Over time, the usage patterns of the web application by consumers may result in situations where different micro-front ends will be simultaneously executed in an unpredictable fashion in the same browser window. There are chances that different libraries or different versions of the same libraries may be used in different front ends. Hence, there are more favorable conditions for conflicts to arise during runtime. Such conflicts can disrupt normalcy and could bring the entire web application crashing down resulting in losses. To avoid this, enterprises must ensure that front-end libraries and frameworks employ modules that support isolated running.

SEO Considerations

In the internet era, SEO cannot be ignored especially if the business caters to a large B2C domain like eCommerce. However, for the micro frontend approach, SEO is most effective when Server-Side Rendering is the preferred choice for development. Unless your business doesn’t depend on web traffic to power sales and conversions, Client-Side Rendering (CSR) approach should not be encouraged for building micro frontend-based applications.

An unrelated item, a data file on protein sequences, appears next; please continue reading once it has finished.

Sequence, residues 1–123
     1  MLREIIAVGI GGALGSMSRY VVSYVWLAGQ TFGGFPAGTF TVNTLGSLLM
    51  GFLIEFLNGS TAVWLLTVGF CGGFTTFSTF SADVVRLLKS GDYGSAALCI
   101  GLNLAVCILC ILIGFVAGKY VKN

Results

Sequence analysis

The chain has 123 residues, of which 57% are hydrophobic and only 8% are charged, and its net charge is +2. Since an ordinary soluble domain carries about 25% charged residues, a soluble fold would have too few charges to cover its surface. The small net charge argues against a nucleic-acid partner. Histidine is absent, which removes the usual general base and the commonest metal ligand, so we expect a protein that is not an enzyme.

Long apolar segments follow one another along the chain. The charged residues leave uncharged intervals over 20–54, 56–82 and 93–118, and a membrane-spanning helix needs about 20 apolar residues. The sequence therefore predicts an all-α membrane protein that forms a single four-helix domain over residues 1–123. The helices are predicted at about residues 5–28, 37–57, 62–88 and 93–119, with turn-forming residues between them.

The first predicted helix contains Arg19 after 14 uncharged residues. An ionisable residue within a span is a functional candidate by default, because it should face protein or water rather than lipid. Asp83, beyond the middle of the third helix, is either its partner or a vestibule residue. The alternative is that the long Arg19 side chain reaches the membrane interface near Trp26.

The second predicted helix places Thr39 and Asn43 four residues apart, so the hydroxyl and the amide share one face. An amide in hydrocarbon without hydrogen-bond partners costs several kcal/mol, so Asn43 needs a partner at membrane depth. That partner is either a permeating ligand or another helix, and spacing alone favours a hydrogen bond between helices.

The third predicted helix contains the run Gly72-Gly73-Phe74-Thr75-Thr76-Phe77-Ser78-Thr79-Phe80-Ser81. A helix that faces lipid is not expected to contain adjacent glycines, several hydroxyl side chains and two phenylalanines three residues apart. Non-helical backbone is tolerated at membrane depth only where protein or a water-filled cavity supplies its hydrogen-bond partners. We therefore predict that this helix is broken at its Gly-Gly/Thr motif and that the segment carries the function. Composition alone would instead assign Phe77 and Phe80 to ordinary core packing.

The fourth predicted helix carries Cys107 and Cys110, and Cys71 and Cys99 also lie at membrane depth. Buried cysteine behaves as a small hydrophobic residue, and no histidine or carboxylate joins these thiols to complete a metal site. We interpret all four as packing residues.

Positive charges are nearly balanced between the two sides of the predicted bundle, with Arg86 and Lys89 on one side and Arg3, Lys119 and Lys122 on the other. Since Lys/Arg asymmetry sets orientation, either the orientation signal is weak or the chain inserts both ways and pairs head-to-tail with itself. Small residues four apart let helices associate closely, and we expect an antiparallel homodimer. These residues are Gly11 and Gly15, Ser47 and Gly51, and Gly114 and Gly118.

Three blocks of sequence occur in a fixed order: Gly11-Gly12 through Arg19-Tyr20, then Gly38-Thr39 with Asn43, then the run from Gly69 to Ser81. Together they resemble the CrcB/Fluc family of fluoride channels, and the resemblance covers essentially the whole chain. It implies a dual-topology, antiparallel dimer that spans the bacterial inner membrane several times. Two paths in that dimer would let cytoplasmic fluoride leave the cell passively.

Debugging Challenges

The micro frontend approach inherently follows a decoupled component design wherein different functions built using these components work independently. However, the web application is offered as a single entity to end users irrespective of the number of sub-components. If there are too many dependencies between decoupled components, then debugging the application can be a huge challenge. There will be considerable delays and the situation may escalate into even worse situations when modern-day experiences like Single Sign-On (SSO) or styling standards like Global CSS are to be implemented. Hence it is important to keep dependencies well under check.